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Hong Kong’s chopsocky stars try U.S. translation

He can wrestle on burning coals, jump off rooftops, even water ski behind a hovercraft, but Jackie Chan has yet to find an audience in America. It’s been a decade since Warner Bros, distributed the flop “The Protector,” which paired the Hong Kong action star with Danny Aiello. But today, a slew of Hong Kong actors and directors – including Chan – are ready to add some Eastern spice to Americans’ steady diet of action movies.

Although Hong Kong action films – mind-bendingly violent but laced with slapstick – trace their roots to the Mainland Chinese cinema of the 1930s, they are antipathy of the upscale Mainland arthouse films currently gaining worldwide critical acclaim.

While not the darlings of Cannes, the Hong Kong action filmmakers have nevertheless developed an influential cadre of supporters in the U.S. – among them director Quentin Tarantino, Miramax co-chairman Harvey Weinstein and New Line Cinema chairman Bob Shaye. Meanwhile, the commercial success of Hong Kong director John Woo in the U.S. has helped break down barriers at the major studios.

In January, New Line Cinema will release Chan’s “Rumble in the Bronx” on a whopping 1,000 screens nationwide. And in the second half of 1996, Miramax Films will follow with platform releases of two classic Chan titles, “Drunken Master II” and “Crime Story.” Quentin Tarantino will launch his Miramax imprint, Rolling Thunder, with Wong Kar-Wai’s “Chungking Express,” a tale of Hong Kong cops dumped by their girlfriends. And John Woo’s follow-up effort to “Hard Target” is Fox’s big March action movie, “Broken Arrow.”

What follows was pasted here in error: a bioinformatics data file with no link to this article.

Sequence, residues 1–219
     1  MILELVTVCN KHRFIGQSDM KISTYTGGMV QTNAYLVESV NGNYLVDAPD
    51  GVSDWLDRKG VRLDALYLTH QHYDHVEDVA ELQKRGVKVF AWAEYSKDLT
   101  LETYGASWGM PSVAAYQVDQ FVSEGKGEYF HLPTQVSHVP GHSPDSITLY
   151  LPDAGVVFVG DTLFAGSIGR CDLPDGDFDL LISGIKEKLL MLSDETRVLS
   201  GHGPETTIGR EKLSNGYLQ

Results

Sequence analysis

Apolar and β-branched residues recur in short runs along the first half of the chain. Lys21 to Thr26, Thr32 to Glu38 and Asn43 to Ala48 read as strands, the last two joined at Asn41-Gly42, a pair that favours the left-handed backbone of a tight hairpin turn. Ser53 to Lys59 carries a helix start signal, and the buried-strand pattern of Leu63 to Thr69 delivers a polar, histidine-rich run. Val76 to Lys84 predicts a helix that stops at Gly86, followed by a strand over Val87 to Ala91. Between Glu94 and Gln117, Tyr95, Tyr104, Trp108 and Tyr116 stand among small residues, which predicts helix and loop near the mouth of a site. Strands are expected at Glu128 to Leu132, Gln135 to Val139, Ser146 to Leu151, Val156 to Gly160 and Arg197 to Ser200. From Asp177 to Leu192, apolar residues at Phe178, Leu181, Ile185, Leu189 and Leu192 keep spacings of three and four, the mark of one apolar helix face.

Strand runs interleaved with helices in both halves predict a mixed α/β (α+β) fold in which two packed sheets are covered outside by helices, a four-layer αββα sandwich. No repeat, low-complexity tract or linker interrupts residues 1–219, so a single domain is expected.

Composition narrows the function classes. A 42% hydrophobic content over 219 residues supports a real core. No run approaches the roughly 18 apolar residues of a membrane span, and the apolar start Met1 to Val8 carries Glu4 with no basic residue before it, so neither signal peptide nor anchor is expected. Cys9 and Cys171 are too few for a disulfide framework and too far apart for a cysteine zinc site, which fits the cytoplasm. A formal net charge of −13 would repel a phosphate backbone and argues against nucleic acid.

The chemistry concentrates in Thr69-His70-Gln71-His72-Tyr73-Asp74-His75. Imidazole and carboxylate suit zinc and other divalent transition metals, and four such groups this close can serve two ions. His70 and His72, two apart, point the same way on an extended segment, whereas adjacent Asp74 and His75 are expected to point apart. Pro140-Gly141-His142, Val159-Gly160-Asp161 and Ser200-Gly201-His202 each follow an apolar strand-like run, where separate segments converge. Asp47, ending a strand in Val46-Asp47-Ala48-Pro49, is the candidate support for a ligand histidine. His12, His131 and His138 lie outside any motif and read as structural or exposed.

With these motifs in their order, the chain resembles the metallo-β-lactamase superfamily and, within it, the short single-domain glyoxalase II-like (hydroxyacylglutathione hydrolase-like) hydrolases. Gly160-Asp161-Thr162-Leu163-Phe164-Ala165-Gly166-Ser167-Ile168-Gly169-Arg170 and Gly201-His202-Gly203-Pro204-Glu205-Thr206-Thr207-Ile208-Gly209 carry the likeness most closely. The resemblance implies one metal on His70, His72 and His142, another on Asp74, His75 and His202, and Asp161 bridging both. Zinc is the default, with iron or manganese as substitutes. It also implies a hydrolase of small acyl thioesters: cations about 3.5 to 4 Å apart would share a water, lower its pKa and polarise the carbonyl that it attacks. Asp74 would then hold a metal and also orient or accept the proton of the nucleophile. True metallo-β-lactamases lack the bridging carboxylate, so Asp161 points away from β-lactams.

There are plenty of obstacles for Hong Kong filmmakers in the U.S. Few of them speak English well enough to direct Western stars. And the peculiar mix of action and comedy in Hong Kong films may not go over with U.S. auds.

The influx of chopsocky will occur against a backdrop of the studios tentatively opening their gates to genre maestros like Tsui Hark and Ringo Lam, who is best known in Hollywood for “City on Fire.” Almost no one has actually seen that Hong Kong gangster film, but it is famous as the pic from which Quentin Tarantino liberally borrowed for his “Reservoir Dogs.”

Lam and Hark have both met with Jean Claude Van Damme recently about directing studio action movies he is slated to star in. And last week, Lam closed a deal to direct Van Damme in Columbia Pictures’ “Bloodstone,” which, much like the Van Damme hit “Double Impact,” will turn on the conceit of twins separated at birth.

“Quentin Tarantino has been a good publicist for Hong Kong movies and Hong Kong directors,” says Lam, who has directed more than a dozen films, none in the U.S. “And a lot of the Hollywood action movies that I have seen lately are clearly borrowing from Hong Kong… the pacing in ‘Bad Boys,’ the display of physical ability in Steven Segal and Jean Claude Van Damme’s movies.”